Differences of detail between one basilica and another did not affect the building's essential nature as a sacred area and a path. The apse might protrude, as in the western half of the Mediterranean, or be enclosed to create side chambers, as in the Middle East. The outer walls might be carried up to the level of those of the nave, thus making a clerestory impossible and necessitating windows that opened into the aisles and the apse, as in Asia Minor. A forecourt or atrium was frequent, but it was not indispensable. An external porch might be favored, as in Italy, or incorporated into the structure to create a narthex, where the catechumens had their place, as in Greece. The roof might be steep-pitched, made of wood or stone, even domed. A side chamber for initiation might be provided, as was often the case in North Africa and Palestine, or there could be a detached baptistery adjacent to it, as in France or Austria. No matter what the variations, the basilica met the needs of Christian congregations so well that it was not modified in any important particular for a thousand years and was still the recognizable prototype of the more elaborately planned churches of the later Middle Ages.
Churches of the Middle Ages in the West
Two factors above all had striking effects on architecture in the Middle Ages: a growing distinction between priests and laity and the definition of the essential role of the priests to be that of offering the sacrifice of the Mass. During the patristic period up to about 1000 ce, the place of the clergy had been demarcated by low balustrades or chancelli, but by the Middle Ages these had developed into chancel screens that virtually shut the priest off from the congregation. Indeed, by that time many churches consisted of two rooms, as the sanctuary became a chamber separate from the nave. The altar ceased to be freestanding, and the celebrant stood with his back to the body of the church. If there were more than one priest, additional altars and side chapels were introduced: there was no longer one altar, as had been the case in the basilica. For larger churches and cathedrals, there were additional factors at work.
By the Middle Ages, parish churches ceased to have a bishop's throne, and even cathedrals no longer gave it prominence—as the high altar was no longer freestanding, the cathedra was pushed to one side. A large number of cathedrals were under the direction of monks, for whom a fenced-off choir was fitted into the building for the saying of the divine office. A self-contained unit constituting an independent place was thus inserted into a system of paths. Since many of the religious were ordained, the need for extra altars for each priest to celebrate the daily Mass was more pronounced than in the parish church, and an abundance of small chapels was created. This multiplication of altars was also encouraged by the practice of celebrating votive masses (masses offered with special intentions), culminating in the chantry chapels, which were separate structures endowed for masses on behalf of the dead. Some chapels opened off transepts, others radiated from the ambulatory encircling the east end. This later arrangement, known as the chevet, was also the outcome of two other influences: pilgrimages and the cults of the saints. Attention had to be given to the location and means of housing the sacred relics and to the circulation space necessary for the crowds who came to honor them. Some relics were enshrined within the altars, some in crypts; the ambulatory facilitated movement, as did galleries, and consequently many pilgrimage centers, such as Santiago de Compostela, present a much more complex plan than that of the basilica. In elevation, too, there were differences, largely the outcome of stylistic change.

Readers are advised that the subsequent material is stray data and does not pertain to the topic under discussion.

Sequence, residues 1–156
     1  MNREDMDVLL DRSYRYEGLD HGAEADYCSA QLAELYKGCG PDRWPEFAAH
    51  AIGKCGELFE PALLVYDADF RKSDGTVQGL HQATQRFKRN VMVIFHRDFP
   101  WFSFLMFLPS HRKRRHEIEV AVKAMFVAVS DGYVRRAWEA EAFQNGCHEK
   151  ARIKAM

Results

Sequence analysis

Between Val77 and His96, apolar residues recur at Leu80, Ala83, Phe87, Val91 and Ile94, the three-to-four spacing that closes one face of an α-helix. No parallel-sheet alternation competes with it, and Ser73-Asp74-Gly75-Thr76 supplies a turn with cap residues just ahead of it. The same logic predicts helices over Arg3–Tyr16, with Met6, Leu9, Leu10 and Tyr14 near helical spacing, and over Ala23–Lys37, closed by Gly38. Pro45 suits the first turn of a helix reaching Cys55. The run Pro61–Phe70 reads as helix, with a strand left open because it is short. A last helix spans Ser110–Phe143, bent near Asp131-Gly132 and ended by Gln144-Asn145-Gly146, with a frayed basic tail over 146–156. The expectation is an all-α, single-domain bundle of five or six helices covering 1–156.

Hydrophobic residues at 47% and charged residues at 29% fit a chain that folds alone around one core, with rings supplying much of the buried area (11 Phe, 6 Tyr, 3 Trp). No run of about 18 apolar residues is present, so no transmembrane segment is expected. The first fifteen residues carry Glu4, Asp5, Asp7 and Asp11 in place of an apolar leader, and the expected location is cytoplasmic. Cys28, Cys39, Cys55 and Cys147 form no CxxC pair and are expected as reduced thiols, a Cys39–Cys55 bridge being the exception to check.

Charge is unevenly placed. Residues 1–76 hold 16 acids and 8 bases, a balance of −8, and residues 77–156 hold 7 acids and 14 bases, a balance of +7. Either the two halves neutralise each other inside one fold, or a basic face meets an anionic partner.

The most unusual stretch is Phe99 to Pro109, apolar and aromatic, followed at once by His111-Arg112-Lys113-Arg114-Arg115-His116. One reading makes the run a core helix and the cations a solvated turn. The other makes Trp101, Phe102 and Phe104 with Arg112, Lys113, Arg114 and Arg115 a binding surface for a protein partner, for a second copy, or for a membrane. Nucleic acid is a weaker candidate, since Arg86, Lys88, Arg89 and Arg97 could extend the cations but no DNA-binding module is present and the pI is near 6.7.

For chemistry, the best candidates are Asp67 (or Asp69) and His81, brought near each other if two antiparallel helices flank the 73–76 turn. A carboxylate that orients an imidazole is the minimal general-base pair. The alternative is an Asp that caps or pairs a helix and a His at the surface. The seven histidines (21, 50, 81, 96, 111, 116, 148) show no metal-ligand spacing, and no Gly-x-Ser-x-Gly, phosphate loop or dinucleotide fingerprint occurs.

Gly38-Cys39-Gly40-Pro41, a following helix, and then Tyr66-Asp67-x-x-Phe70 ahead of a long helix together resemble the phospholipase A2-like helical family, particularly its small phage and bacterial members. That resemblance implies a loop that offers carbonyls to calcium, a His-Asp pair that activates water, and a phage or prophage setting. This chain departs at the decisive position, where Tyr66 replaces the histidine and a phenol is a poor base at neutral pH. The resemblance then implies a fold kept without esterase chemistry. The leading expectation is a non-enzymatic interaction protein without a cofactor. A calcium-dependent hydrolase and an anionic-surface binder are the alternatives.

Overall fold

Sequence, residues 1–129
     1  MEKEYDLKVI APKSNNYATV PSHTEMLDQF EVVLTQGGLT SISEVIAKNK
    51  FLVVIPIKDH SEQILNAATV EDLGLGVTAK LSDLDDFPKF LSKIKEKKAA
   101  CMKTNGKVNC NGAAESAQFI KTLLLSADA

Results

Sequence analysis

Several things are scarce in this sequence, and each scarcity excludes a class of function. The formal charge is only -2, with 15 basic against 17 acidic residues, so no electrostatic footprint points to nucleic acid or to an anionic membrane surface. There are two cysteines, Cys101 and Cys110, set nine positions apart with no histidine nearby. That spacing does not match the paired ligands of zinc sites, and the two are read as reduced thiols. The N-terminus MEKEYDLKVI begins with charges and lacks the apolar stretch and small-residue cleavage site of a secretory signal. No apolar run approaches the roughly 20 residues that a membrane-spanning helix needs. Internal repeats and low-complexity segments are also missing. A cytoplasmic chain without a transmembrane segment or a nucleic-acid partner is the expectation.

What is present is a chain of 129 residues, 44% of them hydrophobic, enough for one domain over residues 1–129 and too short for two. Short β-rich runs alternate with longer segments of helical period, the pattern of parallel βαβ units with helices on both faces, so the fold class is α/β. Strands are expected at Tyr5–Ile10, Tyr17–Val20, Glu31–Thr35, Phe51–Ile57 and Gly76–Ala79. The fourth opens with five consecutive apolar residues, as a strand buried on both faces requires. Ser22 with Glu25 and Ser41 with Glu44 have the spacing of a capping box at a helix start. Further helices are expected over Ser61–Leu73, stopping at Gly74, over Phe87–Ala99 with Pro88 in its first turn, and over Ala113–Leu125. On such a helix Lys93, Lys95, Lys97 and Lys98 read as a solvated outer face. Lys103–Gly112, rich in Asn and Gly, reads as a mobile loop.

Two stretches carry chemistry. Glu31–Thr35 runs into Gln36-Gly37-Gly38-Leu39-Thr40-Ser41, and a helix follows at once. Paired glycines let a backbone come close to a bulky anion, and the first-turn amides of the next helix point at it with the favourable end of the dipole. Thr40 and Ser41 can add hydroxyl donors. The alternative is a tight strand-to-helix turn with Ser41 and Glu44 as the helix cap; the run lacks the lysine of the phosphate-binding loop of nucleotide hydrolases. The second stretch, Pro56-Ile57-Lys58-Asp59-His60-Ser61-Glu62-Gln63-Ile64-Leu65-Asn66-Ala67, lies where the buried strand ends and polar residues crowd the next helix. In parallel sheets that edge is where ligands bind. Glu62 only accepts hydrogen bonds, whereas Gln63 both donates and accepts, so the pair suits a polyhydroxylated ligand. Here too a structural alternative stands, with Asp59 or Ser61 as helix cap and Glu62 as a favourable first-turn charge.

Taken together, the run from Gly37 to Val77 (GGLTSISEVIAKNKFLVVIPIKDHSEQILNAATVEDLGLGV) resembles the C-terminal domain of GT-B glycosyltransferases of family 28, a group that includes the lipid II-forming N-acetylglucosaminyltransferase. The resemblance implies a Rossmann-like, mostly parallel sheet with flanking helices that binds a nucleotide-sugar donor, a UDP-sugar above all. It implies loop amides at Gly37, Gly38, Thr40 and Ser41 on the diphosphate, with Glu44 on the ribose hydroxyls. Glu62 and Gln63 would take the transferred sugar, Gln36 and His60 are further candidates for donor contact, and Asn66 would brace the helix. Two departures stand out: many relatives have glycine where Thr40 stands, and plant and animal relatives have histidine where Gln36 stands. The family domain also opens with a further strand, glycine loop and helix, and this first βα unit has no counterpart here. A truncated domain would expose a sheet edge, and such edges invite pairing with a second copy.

Romanesque, Gothic, and Renaissance
Although adapted for Christian use, the early Christian basilica is best categorized as an example of Roman architecture, apart from the virtual neglect of the potentialities of the original Roman vault: the walls and ceiling had a space-shaping function producing a carefully proportioned interior that was an uninterrupted continuum of flowing space. After the year l000, something essentially new in church design emerged when the vault came into its own. The vault had three effects: it determined the shape and form of the supports, which had to be much larger than the columns of the basilica because the burden was greater; it united ceiling and walls; and it created a series of bays, that is, individual spatial units. This last feature of the Romanesque style attenuated the west-to-east drive. The whole remained a path or system of paths, but it now constituted a place in itself; a focus for gathering with a character of its own. It declared that instead of advancing to meet God—the message of the basilica—the faithful live in God and are embraced by God.
The nature of the Gothic style, which succeeded Romanesque particularly in England, France, and Germany from the mid-twelfth to the early fifteenth century, was similarly determined by the vault, but now the round Roman arch was replaced by a pointed one, derived possibly from mosque architecture, familiar through the Crusades and the reconquest of Spain from the Muslims, and adopted for aesthetic reasons rather than, as nineteenth-century art historians believed, for its structural convenience. The pointed arch and the corresponding crisscrossing ribs turned the vault into a composition of triangles and diamonds; diagonality became prominent. The effect was to turn the supports into two juxtaposed V's, one jutting out into the nave and the other into the aisle, so replacing the flatness of Romanesque with projection. Verticality became the predominating factor, but this heavenward movement was balanced by a horizontal progression in that the bays were no longer independent but interlocked, and the nave became a way from expectancy to fulfillment. Every Gothic church or cathedral corresponded in a sense with one of the greatest literary creations of the age, namely the Commedia of Dante, who recounted how he was led ever onward and upward to the beatific vision.